Category Archives: Poetry

“Eulogy (for Jerry Gafio Watts)” by Wally Swist

My first memory of you has to be

that of your hands combing through

the sale books on the cart in front

of the store one autumn afternoon


in 1975, your brown leather brief-

case, with a gold metal latch, your

ce que vous êtes connu par. That

was your first year in New Haven,


having just graduated from Harvard,

and you wearing the poor Ph.D.

student persona as well as you did

that Walt Frazier mustache; although


you never grew an Afro, your hair

was always well groomed, like that

of Malcolm or Stokley Carmichael.

Too poor to buy books, you read


standing up, and if you didn’t finish

you would come back the next day

and pick up where you had left off.

However outspoken you might have


been, you deflected praise for

the street people you would put up

in your small apartment on sub-

zero nights. Your heart always


matching the largesse of your good

Samaritan acts, including the time

I was broken into when I was living

over on the Hill, and you insisted on


accompanying me when I returned

to gather my things. When we

managed the bookstore on Saturday

nights, your students would sit on


the floor below the raised counter,

where you would hold court, lecture

them about American studies and

W.E.B. DuBois. Two decades later,


when we found ourselves both on

another college campus in Hartford,

you included me in the dedication

to your magnum opus, Amiri Baraka :


The Politics of the Black Intellectual,

where you honored our collegiality.

When I found out about your death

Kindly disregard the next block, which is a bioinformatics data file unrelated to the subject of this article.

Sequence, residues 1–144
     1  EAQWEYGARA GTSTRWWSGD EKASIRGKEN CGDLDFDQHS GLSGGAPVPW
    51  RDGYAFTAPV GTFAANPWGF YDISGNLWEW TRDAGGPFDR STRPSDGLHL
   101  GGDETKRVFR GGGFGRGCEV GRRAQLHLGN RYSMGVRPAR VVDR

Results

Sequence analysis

last November, on your birthday this


May, I comprehended the synchronicity

to be all about your thinking it was

about time that I should finally know.

How could we realize there might be


forty years ahead of us when we first

met, as you were perusing the titles on

that cart of books I had wheeled out

on the street, knowing as I do now that


I’ll never not stop perceiving your sharp

inflection when I recall hearing

you say, Brothah, how are you doin’,

Brothah, while being aware that we


actually were kinsman of the heart,

and how if we were informed that we

might have had four decades to read

and write we would have smiled and


thought ourselves fortunate, but how

those years have elapsed so quickly

that I would have wanted to share with

you how I believe we just might have


discovered something valuable about

our experience in how the evanescent

is a necessary component in

the divine creation of what is éternité.


“Reincarnations” by Claire Simpson

1. American girl arrives in port city, China; 2004


I still remember stepping out, clutching

all we owned, inhaling salty air—

air streaked with smells ineffable. And their

eyes and ours brought from so far, now touching.

Windows to the soul. And manmade titans

scrape the sky, and vehicles of every

type you could imagine, packed conjointly

like us in our cab. And red flags, tridents

foreshadowing the mornings in the sun

in line, in uniform, and synchronized

with stiff salutes and voices lifted high

in praises of their country. All as one—

one sea of ebony that tried to shroud

our distinct heads of blonde hair and light brown.


2. American girl on life in Chinese city; 2013


I’ll tell the truth— sometimes I would forget

while riding in a tightly packed subway

that we were more than faces in the waves

despite how we tried to blend with the rest;

felt camouflaged— expression and our dress